Recommending new TV shows to your friends is a social faux pas at this point. Everyone already has plenty of shows to watch, and who are you to insist they give up even more of their precious time?
It doesn't help when it's a show like Get Shorty, which airs on EPIX, the premium movie channel that nobody has heard of even if they already have it. I can't just tell you to add it to your Netflix watchlist so that you can feel guilty about not watching it for the next five years; I have to somehow convince you to either pay for EPIX or buy the first season on iTunes. I did the latter, and if EPIX had a stand-alone app, I'd probably already have a subscription.
That's all a roundabout way of saying that Get Shorty is one of the few shows I want to recommend to people. The Good Place was the last show I could recommend without reservations, and if Get Shorty was available on any popular streaming service, I'd be shouting it to the rooftops. Instead, I just have to describe it to people and hope that they bite.
Why do I like the show so much? One explanation is that I'm predisposed to like it because Elmore Leonard is one of my favorite authors. This came about in high school because I watched the one-two punch of Get Shorty and Out of Sight in theaters and wanted to find out where my favorite filmmakers got their inspiration. I spent the next few years checking out his work, but I didn't read my favorite of his books, Bandits, until more recently.
That could go the other way, too; Get Shorty was one of my favorite movies when I was at an impressionable age, and it's likely that a new adaptation could never live up to the original. Fortunately, this version of Get Shorty takes its cues from Fargo on FX and only follows the loosest outlines of the original story.
Instead of including a poor imitation of Travolta's career-best performance as the eternally cool Chili Palmer, the show invents a whole new cast of characters, with Chris O'Dowd taking the lead as Miles Daly, who we first meet disposing of bodies with his partner, Louis.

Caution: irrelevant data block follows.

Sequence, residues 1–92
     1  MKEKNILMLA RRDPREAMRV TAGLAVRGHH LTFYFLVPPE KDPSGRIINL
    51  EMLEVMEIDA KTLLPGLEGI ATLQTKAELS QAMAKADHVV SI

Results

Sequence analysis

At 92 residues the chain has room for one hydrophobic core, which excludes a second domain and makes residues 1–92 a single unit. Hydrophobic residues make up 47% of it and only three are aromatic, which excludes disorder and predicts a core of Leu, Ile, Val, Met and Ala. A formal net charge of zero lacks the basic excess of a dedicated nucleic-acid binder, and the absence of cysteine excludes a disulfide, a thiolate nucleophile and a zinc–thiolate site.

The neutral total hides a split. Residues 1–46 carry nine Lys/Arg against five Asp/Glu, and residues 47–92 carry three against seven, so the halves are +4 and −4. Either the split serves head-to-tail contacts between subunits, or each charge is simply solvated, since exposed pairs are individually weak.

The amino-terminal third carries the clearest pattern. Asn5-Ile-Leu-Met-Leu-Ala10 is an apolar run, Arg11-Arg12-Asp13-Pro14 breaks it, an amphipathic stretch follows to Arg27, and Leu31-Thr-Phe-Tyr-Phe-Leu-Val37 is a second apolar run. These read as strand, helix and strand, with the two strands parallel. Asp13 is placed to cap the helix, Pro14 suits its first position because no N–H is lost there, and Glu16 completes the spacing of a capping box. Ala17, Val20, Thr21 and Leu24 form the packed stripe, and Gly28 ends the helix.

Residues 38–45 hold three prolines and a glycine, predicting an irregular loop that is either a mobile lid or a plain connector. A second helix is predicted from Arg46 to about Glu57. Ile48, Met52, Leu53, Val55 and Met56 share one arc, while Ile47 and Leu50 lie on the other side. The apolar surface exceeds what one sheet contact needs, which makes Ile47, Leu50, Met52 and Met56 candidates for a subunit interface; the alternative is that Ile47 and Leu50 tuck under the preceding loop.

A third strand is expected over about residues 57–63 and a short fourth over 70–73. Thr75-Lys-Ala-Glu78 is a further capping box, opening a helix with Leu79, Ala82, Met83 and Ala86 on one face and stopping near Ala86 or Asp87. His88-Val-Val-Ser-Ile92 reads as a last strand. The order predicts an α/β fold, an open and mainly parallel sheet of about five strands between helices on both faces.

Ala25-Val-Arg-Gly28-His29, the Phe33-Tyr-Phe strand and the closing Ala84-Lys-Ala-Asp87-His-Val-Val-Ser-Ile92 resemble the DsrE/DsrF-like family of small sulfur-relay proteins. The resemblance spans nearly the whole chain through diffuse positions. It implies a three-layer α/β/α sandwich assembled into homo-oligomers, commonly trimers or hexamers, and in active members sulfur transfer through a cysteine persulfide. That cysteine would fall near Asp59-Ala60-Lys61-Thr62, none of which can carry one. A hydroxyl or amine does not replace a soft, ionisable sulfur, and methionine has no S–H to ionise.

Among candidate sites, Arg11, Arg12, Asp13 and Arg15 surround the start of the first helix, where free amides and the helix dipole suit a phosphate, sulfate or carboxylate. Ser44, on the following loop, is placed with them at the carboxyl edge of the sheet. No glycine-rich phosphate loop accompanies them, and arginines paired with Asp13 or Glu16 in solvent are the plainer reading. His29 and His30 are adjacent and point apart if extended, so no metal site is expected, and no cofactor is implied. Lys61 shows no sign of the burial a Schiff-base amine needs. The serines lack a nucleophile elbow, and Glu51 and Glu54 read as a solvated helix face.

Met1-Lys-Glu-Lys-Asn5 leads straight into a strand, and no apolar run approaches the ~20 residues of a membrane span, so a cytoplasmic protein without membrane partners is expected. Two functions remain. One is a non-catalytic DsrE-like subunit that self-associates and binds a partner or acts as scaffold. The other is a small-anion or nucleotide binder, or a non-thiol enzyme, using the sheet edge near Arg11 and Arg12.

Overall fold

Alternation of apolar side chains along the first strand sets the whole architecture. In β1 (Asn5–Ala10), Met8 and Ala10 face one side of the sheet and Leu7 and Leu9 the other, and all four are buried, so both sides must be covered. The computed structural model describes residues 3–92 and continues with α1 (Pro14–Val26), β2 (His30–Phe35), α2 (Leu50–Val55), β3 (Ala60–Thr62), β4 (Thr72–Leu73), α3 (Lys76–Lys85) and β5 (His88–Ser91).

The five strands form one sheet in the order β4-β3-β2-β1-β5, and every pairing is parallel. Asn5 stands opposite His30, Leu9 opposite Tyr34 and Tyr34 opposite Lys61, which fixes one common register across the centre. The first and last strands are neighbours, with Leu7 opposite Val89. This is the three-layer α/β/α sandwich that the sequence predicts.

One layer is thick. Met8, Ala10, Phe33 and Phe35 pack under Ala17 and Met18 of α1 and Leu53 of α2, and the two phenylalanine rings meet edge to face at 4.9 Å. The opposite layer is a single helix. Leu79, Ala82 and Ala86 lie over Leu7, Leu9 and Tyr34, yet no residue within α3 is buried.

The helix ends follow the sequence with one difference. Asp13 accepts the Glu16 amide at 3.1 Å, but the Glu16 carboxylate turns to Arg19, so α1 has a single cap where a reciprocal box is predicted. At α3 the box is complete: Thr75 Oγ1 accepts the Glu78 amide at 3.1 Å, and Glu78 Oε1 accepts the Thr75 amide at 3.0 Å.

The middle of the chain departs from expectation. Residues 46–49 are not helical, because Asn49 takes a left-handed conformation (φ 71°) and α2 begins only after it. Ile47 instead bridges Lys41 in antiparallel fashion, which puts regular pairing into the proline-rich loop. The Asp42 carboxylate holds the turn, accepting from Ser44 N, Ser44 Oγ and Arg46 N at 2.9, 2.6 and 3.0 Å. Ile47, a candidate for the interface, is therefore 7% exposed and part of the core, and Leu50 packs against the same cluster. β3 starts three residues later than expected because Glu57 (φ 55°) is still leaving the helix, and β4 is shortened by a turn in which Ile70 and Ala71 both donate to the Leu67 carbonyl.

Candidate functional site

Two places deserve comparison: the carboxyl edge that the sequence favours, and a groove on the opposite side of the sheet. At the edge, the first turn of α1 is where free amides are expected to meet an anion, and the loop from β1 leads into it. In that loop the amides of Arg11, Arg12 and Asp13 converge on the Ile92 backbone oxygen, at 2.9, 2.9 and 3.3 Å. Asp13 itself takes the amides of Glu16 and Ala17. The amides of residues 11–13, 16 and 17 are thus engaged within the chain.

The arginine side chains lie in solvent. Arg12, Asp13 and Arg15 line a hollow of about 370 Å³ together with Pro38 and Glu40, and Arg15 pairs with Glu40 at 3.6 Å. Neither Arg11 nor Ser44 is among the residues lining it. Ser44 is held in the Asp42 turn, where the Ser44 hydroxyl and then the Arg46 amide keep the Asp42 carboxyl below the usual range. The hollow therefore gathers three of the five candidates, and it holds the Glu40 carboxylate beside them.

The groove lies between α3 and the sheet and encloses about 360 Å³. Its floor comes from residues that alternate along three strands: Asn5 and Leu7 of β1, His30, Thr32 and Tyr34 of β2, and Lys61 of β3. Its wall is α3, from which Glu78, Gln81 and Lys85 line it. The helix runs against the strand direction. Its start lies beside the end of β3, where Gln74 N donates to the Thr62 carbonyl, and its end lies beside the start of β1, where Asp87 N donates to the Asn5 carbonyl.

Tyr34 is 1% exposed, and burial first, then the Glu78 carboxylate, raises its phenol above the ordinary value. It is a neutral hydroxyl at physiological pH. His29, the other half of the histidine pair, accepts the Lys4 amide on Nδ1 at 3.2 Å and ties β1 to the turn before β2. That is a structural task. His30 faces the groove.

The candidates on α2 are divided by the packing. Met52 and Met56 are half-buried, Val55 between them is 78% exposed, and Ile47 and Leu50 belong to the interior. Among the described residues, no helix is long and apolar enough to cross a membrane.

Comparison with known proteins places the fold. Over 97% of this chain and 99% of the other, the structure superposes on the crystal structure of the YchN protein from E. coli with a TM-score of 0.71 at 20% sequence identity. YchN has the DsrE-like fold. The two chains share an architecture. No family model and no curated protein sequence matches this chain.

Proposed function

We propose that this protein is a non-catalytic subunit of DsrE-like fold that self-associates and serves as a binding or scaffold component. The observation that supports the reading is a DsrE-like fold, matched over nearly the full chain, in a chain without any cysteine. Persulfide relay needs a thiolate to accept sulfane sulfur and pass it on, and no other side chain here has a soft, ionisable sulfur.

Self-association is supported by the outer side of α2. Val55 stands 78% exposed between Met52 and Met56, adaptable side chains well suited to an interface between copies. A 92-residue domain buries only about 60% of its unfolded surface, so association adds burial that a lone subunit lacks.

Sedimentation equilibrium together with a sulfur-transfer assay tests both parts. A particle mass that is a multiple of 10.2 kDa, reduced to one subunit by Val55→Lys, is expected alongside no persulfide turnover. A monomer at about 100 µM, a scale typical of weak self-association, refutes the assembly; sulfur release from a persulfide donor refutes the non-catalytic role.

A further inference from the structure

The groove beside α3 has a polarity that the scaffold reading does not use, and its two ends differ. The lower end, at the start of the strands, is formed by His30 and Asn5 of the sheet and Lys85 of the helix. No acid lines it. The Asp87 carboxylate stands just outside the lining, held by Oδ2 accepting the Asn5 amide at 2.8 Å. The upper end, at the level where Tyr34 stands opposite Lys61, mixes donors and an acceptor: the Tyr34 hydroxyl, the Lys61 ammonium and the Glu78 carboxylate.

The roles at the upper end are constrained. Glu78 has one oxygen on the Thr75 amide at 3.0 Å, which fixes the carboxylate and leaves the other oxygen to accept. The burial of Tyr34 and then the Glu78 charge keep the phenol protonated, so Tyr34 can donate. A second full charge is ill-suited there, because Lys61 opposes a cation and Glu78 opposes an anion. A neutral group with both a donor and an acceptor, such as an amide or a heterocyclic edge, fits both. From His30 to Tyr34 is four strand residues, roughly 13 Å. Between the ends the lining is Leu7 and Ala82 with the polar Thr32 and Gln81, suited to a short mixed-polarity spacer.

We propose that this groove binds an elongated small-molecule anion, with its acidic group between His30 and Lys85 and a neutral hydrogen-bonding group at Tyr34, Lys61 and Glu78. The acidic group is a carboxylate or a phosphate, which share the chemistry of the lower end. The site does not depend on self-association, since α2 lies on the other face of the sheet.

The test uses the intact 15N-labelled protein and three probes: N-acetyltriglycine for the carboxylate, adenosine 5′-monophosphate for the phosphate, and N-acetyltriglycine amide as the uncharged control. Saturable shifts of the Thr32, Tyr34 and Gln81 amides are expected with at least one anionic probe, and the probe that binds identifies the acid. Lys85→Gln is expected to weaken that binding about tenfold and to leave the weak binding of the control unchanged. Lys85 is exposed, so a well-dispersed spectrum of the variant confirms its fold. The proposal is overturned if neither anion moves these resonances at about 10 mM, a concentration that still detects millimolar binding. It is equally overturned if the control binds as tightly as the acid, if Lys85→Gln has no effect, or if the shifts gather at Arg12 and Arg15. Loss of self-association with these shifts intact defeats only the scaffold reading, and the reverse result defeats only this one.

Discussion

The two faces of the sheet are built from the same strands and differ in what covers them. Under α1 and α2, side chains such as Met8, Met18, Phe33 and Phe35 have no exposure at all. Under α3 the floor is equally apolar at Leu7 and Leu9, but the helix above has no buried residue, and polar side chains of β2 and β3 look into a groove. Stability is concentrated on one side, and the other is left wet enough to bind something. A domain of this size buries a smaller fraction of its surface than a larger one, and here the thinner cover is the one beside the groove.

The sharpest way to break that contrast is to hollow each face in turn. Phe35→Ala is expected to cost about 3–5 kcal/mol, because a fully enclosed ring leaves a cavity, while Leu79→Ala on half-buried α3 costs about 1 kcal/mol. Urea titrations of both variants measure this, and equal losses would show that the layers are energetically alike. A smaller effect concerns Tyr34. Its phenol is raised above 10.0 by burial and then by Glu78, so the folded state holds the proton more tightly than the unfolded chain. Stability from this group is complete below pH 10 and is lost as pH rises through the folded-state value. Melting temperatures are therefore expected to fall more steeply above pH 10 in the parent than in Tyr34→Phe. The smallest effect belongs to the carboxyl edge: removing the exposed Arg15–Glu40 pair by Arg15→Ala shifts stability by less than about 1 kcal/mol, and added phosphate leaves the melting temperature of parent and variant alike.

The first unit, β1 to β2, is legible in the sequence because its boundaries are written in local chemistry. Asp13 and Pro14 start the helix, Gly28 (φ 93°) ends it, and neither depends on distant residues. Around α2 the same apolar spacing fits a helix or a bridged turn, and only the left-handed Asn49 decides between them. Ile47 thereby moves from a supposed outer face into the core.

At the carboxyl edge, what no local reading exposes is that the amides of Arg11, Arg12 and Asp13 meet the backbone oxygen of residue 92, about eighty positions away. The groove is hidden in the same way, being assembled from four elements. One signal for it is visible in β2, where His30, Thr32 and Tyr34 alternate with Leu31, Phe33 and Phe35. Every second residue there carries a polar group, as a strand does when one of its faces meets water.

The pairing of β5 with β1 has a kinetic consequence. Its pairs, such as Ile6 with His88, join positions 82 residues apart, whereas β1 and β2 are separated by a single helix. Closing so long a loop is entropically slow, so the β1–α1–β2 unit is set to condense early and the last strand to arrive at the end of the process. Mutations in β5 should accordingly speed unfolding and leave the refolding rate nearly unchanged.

Where Chili was a chill, genial presence, and only threatened obvious bad guys with a punch to the nose or some rough-housing, Miles doesn't bat an eye at murder and dismemberment, and oftentimes seems right on the edge of flipping out. It's kind of amazing watching O'Dowd, who usually plays more laconic characters like Roy from The IT Crowd, play someone so undeniably dangerous.
Ray Romano plays low-rent movie producer Rick Moreweather, and I've never liked him more. Everybody Loves Raymond made me want to grind my teeth, but Romano has done some amazing, nuanced work since then. His facial expressions here are a master class in acting, letting you see each individual thought go through his character's head as he realizes what horrible new mistake he's just made.
The show surrounds them with a murderer's row of fascinating characters, which is definitely a signature of Leonard's work. One of the benefits of television is that those characters get so much more time to breathe and develop. Sean Bridgers is especially good as Miles' partner, Louis, a Mormon who doesn't believe in premarital sex, but who has no problem killing people when they become inconvenient or annoying.
The show is hilarious, but it also feels darker than the movie or the book. The Travolta movie was pretty close to the book, from what I remember; they both have a breezy, satirical tone, and nothing truly horrible happens. The TV version is a satire, but it's also a pitch-black comedy, willing to let its protagonist do much more terrible things that you could include in a 1990s star vehicle. Maybe it's just par for the course with modern prestige television.
The second season just started airing on EPIX, and I'm tempted to add the channel to my cable package (which I only keep because it's cheaper than paying for internet by itself,) but I may wait a month or two until it finishes airing so that we can binge it. Now I just have to convince more people to watch it so that it keeps getting renewed.